Table 4 presents effects for spousal education outcomes. The table shows a consistent pattern: a higher relative wage causes women to be more likely to be married to spouses who are more educated, conditional on marrying. The first three columns measure the share of women who have a spouse with fewer years of education, the same level of education, or more years of education than they do, respectively. I find that a 10% increase in the relative wage leads to a 15% increase in the probability of marrying a partner more educated than oneself (5.1 p.p.), which results from equal declines in the probability of marrying a partner less educated and same educated relative to oneself. In the final column, I find that a 10% increase in the relative wage leads to a 0.26 year increase in the difference between husbands and wives.19

Table 4.

Impact of Relative Wage on Spousal Education

Spouse Education, Relative to OwnSpouse Minus Own Education
(1)(2)(3)(4)
LessSameMore
Effect of 10% increase in relative wage −0.023* −0.028 0.051*** 0.258***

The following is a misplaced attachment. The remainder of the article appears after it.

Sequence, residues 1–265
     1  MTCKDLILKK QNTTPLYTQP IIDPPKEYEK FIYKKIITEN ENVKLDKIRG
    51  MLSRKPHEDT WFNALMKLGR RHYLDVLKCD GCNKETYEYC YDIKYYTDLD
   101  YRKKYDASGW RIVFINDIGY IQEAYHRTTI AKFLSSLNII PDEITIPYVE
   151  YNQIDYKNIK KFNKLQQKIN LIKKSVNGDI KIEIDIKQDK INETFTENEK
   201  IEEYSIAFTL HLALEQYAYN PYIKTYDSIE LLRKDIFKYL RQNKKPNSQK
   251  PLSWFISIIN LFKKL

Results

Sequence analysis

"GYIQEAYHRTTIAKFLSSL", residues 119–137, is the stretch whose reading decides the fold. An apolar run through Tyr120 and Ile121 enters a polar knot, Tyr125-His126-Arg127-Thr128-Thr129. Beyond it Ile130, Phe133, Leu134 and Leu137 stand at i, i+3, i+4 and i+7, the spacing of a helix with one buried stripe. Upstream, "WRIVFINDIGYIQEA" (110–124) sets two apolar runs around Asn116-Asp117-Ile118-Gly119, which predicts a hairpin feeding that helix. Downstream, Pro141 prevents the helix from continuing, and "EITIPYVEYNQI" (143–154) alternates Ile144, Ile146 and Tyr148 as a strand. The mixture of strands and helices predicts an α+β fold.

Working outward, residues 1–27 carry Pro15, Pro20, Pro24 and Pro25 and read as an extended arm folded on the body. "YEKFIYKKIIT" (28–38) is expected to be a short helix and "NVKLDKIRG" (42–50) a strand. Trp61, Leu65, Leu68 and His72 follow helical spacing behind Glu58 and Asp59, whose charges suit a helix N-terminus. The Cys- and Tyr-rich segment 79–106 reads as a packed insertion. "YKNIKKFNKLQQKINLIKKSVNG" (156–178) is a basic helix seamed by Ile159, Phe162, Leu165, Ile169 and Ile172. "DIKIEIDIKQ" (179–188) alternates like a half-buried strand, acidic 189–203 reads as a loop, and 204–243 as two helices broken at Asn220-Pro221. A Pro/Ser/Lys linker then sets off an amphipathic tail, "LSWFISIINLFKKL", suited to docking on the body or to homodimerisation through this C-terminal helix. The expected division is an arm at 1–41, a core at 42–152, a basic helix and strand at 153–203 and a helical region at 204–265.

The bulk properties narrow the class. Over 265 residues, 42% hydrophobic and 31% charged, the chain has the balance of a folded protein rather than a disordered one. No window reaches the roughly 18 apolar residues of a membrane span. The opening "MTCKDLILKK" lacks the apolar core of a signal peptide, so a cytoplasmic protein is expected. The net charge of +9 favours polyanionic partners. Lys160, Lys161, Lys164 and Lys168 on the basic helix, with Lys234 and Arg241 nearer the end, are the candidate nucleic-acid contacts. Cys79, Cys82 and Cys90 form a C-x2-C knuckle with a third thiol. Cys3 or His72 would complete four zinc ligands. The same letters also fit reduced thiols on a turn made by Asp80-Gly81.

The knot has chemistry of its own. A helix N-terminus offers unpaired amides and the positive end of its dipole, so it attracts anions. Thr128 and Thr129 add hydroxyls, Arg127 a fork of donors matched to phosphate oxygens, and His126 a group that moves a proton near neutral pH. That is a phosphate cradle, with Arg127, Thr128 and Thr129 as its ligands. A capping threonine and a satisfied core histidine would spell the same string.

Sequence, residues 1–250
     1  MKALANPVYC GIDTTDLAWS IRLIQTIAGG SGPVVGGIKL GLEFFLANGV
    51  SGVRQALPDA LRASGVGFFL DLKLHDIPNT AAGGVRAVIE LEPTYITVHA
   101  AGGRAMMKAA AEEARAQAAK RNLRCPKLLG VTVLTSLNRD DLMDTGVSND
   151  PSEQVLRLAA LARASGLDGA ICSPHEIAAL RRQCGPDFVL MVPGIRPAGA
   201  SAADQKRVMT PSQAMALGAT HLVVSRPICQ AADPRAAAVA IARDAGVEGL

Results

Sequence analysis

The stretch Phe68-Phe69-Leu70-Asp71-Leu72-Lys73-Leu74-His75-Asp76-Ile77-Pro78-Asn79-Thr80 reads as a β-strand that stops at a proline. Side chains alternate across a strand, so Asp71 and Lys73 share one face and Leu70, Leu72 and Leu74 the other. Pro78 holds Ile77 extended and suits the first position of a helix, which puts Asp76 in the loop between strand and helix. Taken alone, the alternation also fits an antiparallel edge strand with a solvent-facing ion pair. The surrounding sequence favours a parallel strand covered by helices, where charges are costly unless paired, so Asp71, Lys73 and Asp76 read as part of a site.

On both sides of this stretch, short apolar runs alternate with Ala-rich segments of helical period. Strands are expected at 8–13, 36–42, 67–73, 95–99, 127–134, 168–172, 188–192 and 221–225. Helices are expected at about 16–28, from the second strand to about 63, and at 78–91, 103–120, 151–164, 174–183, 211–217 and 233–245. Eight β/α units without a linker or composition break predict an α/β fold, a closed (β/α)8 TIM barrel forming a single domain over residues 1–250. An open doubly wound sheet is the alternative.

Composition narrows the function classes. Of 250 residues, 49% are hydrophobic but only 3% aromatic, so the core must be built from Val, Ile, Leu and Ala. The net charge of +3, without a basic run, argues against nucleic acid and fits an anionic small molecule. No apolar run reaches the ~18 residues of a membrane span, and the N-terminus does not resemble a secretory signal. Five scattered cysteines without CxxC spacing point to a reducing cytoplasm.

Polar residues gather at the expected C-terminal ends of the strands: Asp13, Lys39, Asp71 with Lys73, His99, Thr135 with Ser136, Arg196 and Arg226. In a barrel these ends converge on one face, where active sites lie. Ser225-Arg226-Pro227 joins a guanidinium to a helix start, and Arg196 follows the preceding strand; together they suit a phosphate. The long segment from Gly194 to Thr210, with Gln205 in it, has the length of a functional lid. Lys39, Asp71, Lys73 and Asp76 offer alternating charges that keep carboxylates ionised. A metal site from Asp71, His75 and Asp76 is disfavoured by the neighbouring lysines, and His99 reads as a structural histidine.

(0.012) (0.017) (0.013) (0.064)

Mean $Y$ 0.319 0.357 0.324 0.017
Observations 22,663 22,663 22,663 22,663
Average wage Yes Yes Yes Yes
Spouse Education, Relative to OwnSpouse Minus Own Education
(1)(2)(3)(4)
LessSameMore
Effect of 10% increase in relative wage −0.023* −0.028 0.051*** 0.258***
(0.012) (0.017) (0.013) (0.064)

Mean $Y$ 0.319 0.357 0.324 0.017
Observations 22,663 22,663 22,663 22,663
Average wage Yes Yes Yes Yes

This table shows the coefficients from estimating equation (1) rescaled to represent the effect of a 10% increase in the relative (potential) wage. The dependent variable is an indicator for a spousal characteristic, is shown in the column heading. Standard errors are clustered at the state level, and cells are weighted by the female population in the cell. $*$$p$$<$ 0.10, **$p$$<$ 0.05, and ***$p$$<$ 0.01.

Source: Census 1980, 1990, 2000, and ACS 2010.

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